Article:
It appears that at the Securities and Exchange Commission (SEC), the very people who are the watchdogs of whistleblowing, have been blowing the whistle on the whistleblowing czar, I.G. Carl Hoecker himself and his staff, according to an article in the Wall Street Journal.
Two and perhaps more employees at the agency have filed complaints to a different federal whistleblower-protection agency, alleging that he and his senior staff retaliated against them for calling out misconduct within the Inspector General’s very own office. Raphael Kozolchyk, one of the spokesmen for the agency said “a number of the claims contain significant factual inaccuracies, while others are grossly misleading.” He added that the office does “not comment on ongoing personnel matters.” Mr. Hoecker himself did not comment.
The issue at hand is about potential time and attendance fraud. It appears that a supervisor in the IG office and a junior subordinate disappear during working hours and also engage in inappropriate conduct in the office. While the role of Inspector General is to encourage whistleblowing, the “whistleblowers allege their complaint was not treated fairly as the investigation was not impartial and they also suffered retaliations.”
If true, these are serious charges. It appears that Carl Hoecker, SEC Inspector General since 2013, had appointed one of those very employees under investigation to “help coordinate a review of procedures in the Inspector General’s office.” According to the WSJ article, the target of the complaint “removed language designed to prevent conflicts of interest affecting internal investigations, such as allegedly happened in this case.” Well yes, a conflict of interest perhaps?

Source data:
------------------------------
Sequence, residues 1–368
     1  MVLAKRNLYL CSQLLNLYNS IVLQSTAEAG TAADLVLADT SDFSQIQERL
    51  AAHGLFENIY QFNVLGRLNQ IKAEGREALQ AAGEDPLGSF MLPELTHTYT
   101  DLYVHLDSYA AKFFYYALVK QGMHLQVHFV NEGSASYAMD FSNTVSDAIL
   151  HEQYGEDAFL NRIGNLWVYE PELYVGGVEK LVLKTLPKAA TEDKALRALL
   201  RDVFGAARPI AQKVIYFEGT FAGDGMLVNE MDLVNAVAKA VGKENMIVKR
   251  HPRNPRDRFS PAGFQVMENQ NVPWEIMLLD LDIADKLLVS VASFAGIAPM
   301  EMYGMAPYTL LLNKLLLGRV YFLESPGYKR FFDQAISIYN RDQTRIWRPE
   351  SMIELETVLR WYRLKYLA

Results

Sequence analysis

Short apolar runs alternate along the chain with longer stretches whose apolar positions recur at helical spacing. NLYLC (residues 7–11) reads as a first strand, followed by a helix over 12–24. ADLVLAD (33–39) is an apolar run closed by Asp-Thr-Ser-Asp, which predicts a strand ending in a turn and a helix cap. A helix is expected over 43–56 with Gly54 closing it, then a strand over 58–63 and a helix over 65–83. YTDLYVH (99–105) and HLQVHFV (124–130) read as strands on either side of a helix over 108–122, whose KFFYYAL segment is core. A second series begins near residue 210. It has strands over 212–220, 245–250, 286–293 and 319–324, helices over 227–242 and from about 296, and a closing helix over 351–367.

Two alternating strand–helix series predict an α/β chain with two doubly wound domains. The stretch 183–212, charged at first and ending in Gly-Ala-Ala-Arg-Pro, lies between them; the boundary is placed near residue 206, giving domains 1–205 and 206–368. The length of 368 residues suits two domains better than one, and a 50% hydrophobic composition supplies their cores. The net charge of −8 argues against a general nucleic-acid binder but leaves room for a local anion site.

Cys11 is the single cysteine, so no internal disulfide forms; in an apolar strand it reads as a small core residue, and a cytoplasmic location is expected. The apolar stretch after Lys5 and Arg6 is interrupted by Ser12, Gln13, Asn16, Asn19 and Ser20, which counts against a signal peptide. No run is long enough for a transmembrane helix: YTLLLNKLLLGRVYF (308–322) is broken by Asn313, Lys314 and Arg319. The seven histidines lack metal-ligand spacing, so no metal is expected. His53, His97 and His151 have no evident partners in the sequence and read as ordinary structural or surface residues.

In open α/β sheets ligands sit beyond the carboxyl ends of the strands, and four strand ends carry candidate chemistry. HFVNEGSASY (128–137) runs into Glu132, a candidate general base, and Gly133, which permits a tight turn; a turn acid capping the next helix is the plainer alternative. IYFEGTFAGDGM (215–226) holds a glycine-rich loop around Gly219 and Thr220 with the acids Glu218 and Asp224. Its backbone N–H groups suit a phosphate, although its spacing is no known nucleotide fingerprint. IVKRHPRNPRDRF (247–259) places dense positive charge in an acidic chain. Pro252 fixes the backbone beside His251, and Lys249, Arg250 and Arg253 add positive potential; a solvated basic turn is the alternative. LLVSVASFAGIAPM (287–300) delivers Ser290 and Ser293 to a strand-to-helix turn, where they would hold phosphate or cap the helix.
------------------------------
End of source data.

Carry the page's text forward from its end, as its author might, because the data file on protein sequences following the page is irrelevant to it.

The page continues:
A bit odd. Is it possible that the “close relationship between the investigating superiors and the employees under investigation is why the investigators found “insufficient evidence to conclude the two employees had an inappropriate relationship?”
Could very well be. However, the SEC Office of Inspector General referred the complaints to a federal prosecutor, who declined to pursue the case. It looks as if there was insufficient evidence to establish an illegal inappropriate relationship.
By the way, while there is as yet insufficient evidence that the “whistleblowers were retaliated against” in spite of their claim that the “investigation wasn’t sufficiently independent to be fair,” superiors retaliating or even threatening to retaliate against would-be whistleblowers could impede investigations the SEC is supposed to conduct and is against the rules the IG office is supposed to uphold.
I’d like to offer a thought — knowing I may be lambasted. So be it. According to the definition of whistleblower: A whistleblower is a person, who could be an employee of a company or a government agency, disclosing information to the public or some higher authority about any wrongdoing, which could be in the form of fraud, corruption, etc.
An employee who alleges wrongdoing by his or her employer of the sort that violates public law or tends to injure a considerable number of people. As a whistleblower myself who followed defined internal corporate and government procedures in exposing wrongdoing at Citigroup, I respect the process.
So is the SEC issue a real whistleblower case? It alleges time fraud. OK, that could be. However, there is not referenced any real evidence of retaliation. And was it time ”fraud?” Deliberate time fraud? Two employees deliberately defrauding the agency? Or two employees “sneaking off while on the clock?” And were they exempt or nonexempt employees?
Is this a whistleblower issue — or a human resource issue? I think more questions need to be asked and answered before we go down the road of using whistleblowing as a catchall for what we don’t like in our organizations. And involving the press in a Salem witch hunt.